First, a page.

The Gippsland Tech School which is under construction is not what people envisaged when the state government said it was going to build a tech school, the National’s deputy leader Steph Ryan says.
“People thought when they heard the promise of a tech school that people would be re-engaged in trades training and that it would be really closely linked with industry,” Ms Ryan, who is also Opposition training, skills and apprenticeships spokesperson, said.
“From the first tech school that has opened in Lilydale, what we’ve actually seen is that students are put in one day a term just to do little taster programs.
“I struggle to see how that is really going to help young people find employment or get the skills that they need to find a job by exposure one day a week to a centre like this.
“I think this is a bit of a thought bubble from the government who promised to deliver a tech school and is delivering something far different.”
Ms Ryan said she was also concerned about the “limited communication” schools and industry partners had received in regards to how the new tech school would link in with curriculum.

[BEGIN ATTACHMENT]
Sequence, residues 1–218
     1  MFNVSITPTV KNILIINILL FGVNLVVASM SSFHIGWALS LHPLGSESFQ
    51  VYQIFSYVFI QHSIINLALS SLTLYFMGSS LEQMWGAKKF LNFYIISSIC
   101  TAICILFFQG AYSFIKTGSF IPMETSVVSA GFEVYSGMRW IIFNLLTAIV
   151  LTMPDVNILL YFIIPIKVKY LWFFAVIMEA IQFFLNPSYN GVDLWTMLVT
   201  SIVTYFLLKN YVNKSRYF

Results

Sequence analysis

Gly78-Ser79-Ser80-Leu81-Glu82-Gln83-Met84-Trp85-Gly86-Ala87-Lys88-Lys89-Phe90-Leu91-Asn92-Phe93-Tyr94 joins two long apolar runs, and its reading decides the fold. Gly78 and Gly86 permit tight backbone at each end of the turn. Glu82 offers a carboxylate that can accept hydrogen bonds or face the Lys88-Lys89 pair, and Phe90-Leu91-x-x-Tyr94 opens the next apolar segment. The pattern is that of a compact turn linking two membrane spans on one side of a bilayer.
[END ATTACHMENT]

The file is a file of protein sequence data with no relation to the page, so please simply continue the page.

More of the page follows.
“Our concern is that schools and industry partners both don’t know how this site is supposed to function,” she said.
“The government still doesn’t know what it is doing here. The government has announced it because it looked great.”
State Education Minister James Merlino said he was “glad the Nationals have finally taken an interest in tech schools”.
“This is the same party that gutted TAFE and ignored the education needs of this community,” Mr Merlino said.
“Gippsland Tech School will give thousands of young people from eight schools the skills they need for the jobs of the 21st century and is on track to open for students next year, as promised.”
Gippsland Tech School Director Paul Boys is currently working with local schools and industry partners including Fujitsu and Australian Paper Manufacturers to create innovative and practical education programs for students.